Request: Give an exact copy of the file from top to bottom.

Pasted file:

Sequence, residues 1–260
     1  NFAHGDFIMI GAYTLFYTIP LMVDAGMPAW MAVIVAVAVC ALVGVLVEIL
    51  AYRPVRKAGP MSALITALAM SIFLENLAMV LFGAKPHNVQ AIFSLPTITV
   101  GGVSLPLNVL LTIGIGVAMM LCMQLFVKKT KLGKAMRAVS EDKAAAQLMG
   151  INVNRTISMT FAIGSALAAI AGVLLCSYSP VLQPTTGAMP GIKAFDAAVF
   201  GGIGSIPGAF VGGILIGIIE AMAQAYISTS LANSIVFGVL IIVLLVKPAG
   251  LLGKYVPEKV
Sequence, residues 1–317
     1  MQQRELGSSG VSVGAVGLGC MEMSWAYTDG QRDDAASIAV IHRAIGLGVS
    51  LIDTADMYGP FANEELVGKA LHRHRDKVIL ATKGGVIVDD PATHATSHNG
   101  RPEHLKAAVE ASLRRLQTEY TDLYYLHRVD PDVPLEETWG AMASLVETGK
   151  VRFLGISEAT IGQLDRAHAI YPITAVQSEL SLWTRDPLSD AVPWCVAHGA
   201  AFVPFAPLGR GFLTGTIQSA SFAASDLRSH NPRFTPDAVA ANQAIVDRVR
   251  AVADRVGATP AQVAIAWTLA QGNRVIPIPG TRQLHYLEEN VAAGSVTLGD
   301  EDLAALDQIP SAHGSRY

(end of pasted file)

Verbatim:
Sequence, residues 1–260
     1  NFAHGDFIMI GAYTLFYTIP LMVDAGMPAW MAVIVAVAVC ALVGVLVEIL
    51  AYRPVRKAGP MSALITALAM SIFLENLAMV LFGAKPHNVQ AIFSLPTITV
   101  GGVSLPLNVL LTIGIGVAMM LCMQLFVKKT KLGKAMRAVS EDKAAAQLMG
   151  INVNRTISMT FAIGSALAAI AGVLLCSYSP VLQPTTGAMP GIKAFDAAVF
   201  GGIGSIPGAF VGGILIGIIE AMAQAYISTS LANSIVFGVL IIVLLVKPAG
   251  LLGKYVPEKV
Sequence, residues 1–317
     1  MQQRELGSSG VSVGAVGLGC MEMSWAYTDG QRDDAASIAV IHRAIGLGVS
    51  LIDTADMYGP FANEELVGKA LHRHRDKVIL ATKGGVIVDD PATHATSHNG
   101  RPEHLKAAVE ASLRRLQTEY TDLYYLHRVD PDVPLEETWG AMASLVETGK
   151  VRFLGISEAT IGQLDRAHAI YPITAVQSEL SLWTRDPLSD AVPWCVAHGA
   201  AFVPFAPLGR GFLTGTIQSA SFAASDLRSH NPRFTPDAVA ANQAIVDRVR
   251  AVADRVGATP AQVAIAWTLA QGNRVIPIPG TRQLHYLEEN VAAGSVTLGD
   301  EDLAALDQIP SAHGSRY